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Continuous Competence in Core Learning Tools

(This article was first published in our September, 2007 newsletter.)

In my 13 years of running a facilitator business, I’ve found there are 10 top skills you require as a facilitator to meet the needs of your clients as well as your own. Below I offer my brief thoughts of what the core learning areas are, why each is important and what a few of my favorite resources are. There are so many good ones. I offer just a sampling of ones I use regularly. We also have café handouts online for sale on these topics here.

  1. Conflict resolution and negotiation skills. Every client group usually has some internal struggle or several interpersonal conflicts going on. When a client asks you to do team-building, you can usually bet this is a code word for conflict. If you are not comfortable handling and accepting conflict, you might want to consider some skill-building in these areas. Two of my favorites are non-violent communication (www.cnvc.org) and Dynamic Facilitation (www.tobe.net)
  2. Sales and marketing. You will not be facilitating unless you have some clients whether you are an internal or external consultant. Know how to “sell” the gift and resource of facilitation and the concept of a neutral third party to help groups think well together. Find out how to help the client see what is lost everyday in productivity without this essential tool and skill. Know how to close a sale. My favorite local person is Bill Raymond from the Sales and Marketing Leadership Group. He has some excellent seminars.
  3. Building self-awareness and healing from your own life’s traumas. To skillfully guide a group, you need to be aware of your own biases and places where you might get triggered by a particular type of behavior in a group. Much of this is related to what was hard for us as young people. Healing from the effects of our own childhood traumas and doing self discovery work is key to us being able to be authentic and powerful facilitators. Luna Jiménez Seminars and Associates will be offering public courses in the near future in Portland, OR and they are available for in-house courses anywhere. Visit www.lunajimenezseminars.com or call 503-281-5570 for details. personal and low cost resource is Reevaluation Counselling. There are huge resources available in NW USA through www.rc.org.
  4. Problem-solving and decision-making techniques. Every group at some time is going to need to solve a problem and or make a decision. My least favorite decision-making tool is dot voting. My favorites includes tools from ICA’s Focused Conversation Method in their Group Facilitation Methods course, OneSmartWorld and Dr. de Bono’s Six Thinking Hats.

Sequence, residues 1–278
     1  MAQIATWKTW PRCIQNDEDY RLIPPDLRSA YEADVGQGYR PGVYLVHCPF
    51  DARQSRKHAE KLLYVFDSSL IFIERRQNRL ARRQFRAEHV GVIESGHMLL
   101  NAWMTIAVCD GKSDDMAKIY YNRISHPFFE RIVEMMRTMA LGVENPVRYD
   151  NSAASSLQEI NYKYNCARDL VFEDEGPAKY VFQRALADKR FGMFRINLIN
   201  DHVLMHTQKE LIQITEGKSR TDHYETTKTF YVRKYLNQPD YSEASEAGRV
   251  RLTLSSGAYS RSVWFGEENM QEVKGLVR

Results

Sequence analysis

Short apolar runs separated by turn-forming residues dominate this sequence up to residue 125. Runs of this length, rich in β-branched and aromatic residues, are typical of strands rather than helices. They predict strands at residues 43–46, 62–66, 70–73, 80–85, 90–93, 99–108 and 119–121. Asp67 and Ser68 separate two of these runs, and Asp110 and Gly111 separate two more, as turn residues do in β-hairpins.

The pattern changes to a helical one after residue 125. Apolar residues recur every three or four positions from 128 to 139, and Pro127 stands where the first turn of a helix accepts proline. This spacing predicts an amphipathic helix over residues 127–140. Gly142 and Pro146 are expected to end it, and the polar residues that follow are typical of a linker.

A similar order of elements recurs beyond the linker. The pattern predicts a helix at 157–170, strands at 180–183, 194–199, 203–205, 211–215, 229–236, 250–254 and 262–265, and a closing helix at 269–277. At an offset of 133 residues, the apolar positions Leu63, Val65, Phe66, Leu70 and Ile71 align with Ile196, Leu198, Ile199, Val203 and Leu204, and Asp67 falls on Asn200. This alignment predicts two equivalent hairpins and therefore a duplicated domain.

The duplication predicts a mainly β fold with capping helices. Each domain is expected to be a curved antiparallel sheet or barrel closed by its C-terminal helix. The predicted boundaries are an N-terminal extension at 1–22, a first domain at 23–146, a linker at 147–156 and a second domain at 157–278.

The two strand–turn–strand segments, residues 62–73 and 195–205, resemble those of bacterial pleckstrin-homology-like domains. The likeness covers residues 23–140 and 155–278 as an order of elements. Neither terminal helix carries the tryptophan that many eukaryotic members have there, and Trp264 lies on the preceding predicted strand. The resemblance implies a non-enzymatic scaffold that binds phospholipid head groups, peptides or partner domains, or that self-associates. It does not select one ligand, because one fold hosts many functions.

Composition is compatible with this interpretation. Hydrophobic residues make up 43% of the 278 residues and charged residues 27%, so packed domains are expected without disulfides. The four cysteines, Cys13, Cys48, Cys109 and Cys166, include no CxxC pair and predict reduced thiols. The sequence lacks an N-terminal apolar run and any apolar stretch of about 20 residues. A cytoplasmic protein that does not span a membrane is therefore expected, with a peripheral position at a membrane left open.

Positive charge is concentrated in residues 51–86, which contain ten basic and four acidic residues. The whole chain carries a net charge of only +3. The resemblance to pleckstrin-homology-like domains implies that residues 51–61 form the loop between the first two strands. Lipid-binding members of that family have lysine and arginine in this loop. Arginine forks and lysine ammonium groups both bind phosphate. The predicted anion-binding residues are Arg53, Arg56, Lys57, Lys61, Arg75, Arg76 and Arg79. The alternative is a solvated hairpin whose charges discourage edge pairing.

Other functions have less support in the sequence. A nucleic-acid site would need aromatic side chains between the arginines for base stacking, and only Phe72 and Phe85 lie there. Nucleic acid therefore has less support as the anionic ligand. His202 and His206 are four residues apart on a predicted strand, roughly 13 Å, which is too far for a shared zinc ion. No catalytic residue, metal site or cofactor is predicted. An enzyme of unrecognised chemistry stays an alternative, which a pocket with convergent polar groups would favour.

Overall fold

5. Organizational development models and concepts. To ensure you understand what it takes to help an organization make a culture shift or move to new levels of teamwork, collaboration or effectiveness for example, you need to understand systems. My favorites include ICA’s(www.ica-associates.ca) “Mapping the Organizational Journey”, “Facilitating Change in Whole Systems”. You can also join your local ODN chapter.
  6. Oral and written communication skills. Imagine a facilitator who cannot give clear instructions, tell a compelling story to inspire the group to action, articulate clear provocative and thoughtful questions, or write a clear document to synthesize the groups’ work? For verbal communication try a local Toastmaster’s group. For writing, practice, take a one day course and get coaching.
  7. Self assessment tools and profiles. There are many great tools that benefit teams and individuals by helping them accept and work more skillfully with learning different styles in the group. My current favorite is the OneSmartWorld 4Di tool ( www.onesmartworld.com) because it is simple to learn, include 18 different strategies for thinking and has a personal spirit dimension which I’ve not seen in any other tool. My other favorite is the Herrmann Brain Dominance instrument (www.hbdi.com)
  8. Consensus building and planning techniques. Every group will need to build lasting agreement and create plans together. There are many tools. My favorites have been developed by ICA (Institute for Cultural Affairs) (www.ica-usa.org) including their strategic and action planning models and consensus workshop method. Another consensus decision-making model that like is the gradients of agreement scale by Sam Kaner.
  9. Accelerated learning techniques. Everyone learns differently. Are you able to tap into the kinesthetic, visual and auditory learners on a continuing basis? Are you able to help a group play at their work, laugh together and enable their creative spirits? My favorite conference to learn this theory and how to apply it is the Alliance for Learning at www.ialearn.org
  10. Techniques for gaining meaningful participation from every group member. Do you know how to work with both dominant and reluctant participants? Do you know sure-fire techniques for making sure every voice is heard for every topic? There are many courses available to help you figure this out. ICA course are great models of this. ( www.ica-usa.org)